# How To Make an OR Gate Using Diodes on Breadboard

Last updated on March 23rd, 2024 at 12:05 pm

I am sure you must be familiar with an OR Gate, its Truth Table, Logic symbol, and its working. But do you know, you can build your own OR Gate on Breadboard?  So in this post, you will learn how to make an OR Gate using Diodes on a Breadboard.

**Read Similar Article: And Gate using Diodes

## OR gate symbol and truth table

OR means “to add”. There are two inputs and one output in an OR Gate. Only when both inputs are zero, the output is zero. Output is 1 in all other cases. Given below is the truth table of an OR gate.

You can also watch the video below for quick reference:

## Components required

1. 1N4007 Diode X 2
2. 1k Resistor
3. LED
4. 9v battery
5. Connecting wires

If you are a beginner and want to know about breadboards in detail, read: How to Use a Breadboard in 5 Easy Steps

## Steps to make OR gate on Breadboard

Step 1: Place the two diodes on the breadboard. The N-terminal is the silver portion, and the P-terminal is the Black portion.

Step 2: Connect the N terminal of the Diodes together using wire as shown below:

Step 3: Connect two jumper wires, each at the respective p-terminal of the diodes indicating input Logic.

Step 4: Connect the Battery to the breadboard as shown.

Step 5: Connect the resistor from the n terminal of the Diodes to the Ground through LED.

## Working

NOTE: When the P-terminal of a Diode is at a higher potential (>.7v) than its n-terminal, the diode acts like a short circuit. When the n terminal is at a higher potential, Diode acts as an open circuit.

CASE 1: Input A=0, Input B= 0 , Output=0 (LED is OFF)

In this case, the p-terminal of both diodes is at 0 volts w.r.t n-terminal, which is  <.7v and acts like an open circuit. Thus no current flows from the 1k resistor, then LED to Ground. Hence there is no voltage across the LED, and it remains off i.e. 0 at the output.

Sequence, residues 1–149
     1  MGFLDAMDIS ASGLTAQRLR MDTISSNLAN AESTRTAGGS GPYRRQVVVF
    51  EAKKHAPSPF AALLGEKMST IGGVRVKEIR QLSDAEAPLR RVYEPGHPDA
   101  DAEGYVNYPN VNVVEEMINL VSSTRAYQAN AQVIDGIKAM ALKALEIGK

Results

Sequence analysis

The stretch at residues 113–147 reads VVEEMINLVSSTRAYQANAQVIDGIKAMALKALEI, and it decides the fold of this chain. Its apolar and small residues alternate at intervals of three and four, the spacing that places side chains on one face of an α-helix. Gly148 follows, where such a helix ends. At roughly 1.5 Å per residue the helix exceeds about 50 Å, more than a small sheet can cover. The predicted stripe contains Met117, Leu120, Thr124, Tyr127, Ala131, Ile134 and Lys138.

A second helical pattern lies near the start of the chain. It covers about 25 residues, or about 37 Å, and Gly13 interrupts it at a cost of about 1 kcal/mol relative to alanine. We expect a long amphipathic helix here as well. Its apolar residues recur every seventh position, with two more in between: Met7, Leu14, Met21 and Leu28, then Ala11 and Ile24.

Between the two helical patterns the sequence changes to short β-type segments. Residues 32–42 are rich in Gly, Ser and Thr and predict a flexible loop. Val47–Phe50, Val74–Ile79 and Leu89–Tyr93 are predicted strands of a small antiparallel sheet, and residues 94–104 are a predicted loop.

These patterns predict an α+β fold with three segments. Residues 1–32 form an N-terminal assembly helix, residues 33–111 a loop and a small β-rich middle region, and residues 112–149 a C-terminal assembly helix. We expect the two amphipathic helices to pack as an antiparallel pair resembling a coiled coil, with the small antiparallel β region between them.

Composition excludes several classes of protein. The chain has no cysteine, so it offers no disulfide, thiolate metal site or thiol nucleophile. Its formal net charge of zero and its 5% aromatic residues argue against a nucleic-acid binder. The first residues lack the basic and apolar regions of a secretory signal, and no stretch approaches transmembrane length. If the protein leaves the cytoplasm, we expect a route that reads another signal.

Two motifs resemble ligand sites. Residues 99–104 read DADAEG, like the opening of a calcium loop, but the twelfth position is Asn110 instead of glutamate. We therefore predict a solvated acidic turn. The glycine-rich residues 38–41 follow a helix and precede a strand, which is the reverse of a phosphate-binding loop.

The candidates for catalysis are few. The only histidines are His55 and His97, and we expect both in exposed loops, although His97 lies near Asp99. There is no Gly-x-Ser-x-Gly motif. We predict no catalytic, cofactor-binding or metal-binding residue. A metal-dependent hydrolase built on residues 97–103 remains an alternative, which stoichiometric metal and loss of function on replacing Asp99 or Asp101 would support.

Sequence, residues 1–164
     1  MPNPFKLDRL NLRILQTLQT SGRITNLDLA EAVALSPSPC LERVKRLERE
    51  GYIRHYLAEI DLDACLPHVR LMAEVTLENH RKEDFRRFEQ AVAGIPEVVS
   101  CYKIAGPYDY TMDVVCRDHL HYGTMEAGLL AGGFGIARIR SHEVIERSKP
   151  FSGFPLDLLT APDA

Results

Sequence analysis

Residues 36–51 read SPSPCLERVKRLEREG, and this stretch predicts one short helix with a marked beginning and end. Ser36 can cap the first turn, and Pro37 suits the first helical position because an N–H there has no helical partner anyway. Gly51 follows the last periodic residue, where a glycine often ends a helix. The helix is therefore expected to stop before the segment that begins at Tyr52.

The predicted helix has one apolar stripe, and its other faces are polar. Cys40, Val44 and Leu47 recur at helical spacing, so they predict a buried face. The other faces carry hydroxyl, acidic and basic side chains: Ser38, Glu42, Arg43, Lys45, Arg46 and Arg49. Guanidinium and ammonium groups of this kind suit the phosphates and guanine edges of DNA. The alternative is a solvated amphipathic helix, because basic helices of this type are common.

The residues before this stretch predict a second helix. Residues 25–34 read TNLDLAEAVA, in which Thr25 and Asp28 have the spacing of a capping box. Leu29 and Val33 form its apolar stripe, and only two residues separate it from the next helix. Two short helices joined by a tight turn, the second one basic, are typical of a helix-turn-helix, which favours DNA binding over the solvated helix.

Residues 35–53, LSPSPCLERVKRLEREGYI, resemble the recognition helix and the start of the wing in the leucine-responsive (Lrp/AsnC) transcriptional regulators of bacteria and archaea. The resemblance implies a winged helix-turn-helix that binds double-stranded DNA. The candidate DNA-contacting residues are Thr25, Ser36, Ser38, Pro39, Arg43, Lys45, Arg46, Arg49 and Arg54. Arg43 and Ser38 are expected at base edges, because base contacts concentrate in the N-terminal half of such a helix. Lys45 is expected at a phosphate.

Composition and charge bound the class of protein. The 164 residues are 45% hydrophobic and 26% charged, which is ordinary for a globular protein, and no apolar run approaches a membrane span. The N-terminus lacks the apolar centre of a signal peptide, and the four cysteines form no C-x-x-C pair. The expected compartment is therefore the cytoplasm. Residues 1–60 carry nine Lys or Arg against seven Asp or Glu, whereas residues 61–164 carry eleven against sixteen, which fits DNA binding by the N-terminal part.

CASE 2: Input A=0, Input B= 1, Output=1 (LED is ON)

In this case, the p-terminal of diode A is at 0 volts w.r.t n-terminal, which is  <.7v and hence acts like an open circuit. But the p-terminal of diode B is at a higher potential than its n-terminal, which is >.7v.

Thus, all current flows from 1k resistor, then LED to Ground. Hence some voltage across the LED turns on i.e. 1 at the output.

CASE 3: Input A=1, Input B= 0, Output=1 (LED is ON)

In this case, the p-terminal of diode B is at 0 volts w.r.t n-terminal, which is  <.7v and hence acts like an open circuit. But the p-terminal of diode A is at a higher potential than its n-terminal, which is >.7v.

Thus all current flows from 1k resistor, then LED to Ground. Hence there is some voltage across the LED, and it turns on i.e., 1 at the output.

CASE 4: Input A=1, Input B= 1, Output=1 (LED is ON)

In this case, the p-terminal of both diodes is at a higher potential w.r.t n-terminal, which is  >.7v and hence acts like short circuits. Thus all current flows from 1k resistor, then LED to Ground. Hence some voltage across the LED turns on i.e. 1 at the output.

** Hence we get 0(LED is off) at the output only when both the inputs are 0.

Ankit Negi

I am an electrical engineer by profession who loves to tinker with electronic devices and gadgets and have been doing so for over six years now. During this period, I have made many projects and helped thousands of students through my blog and YouTube videos. I am active on Linkedin.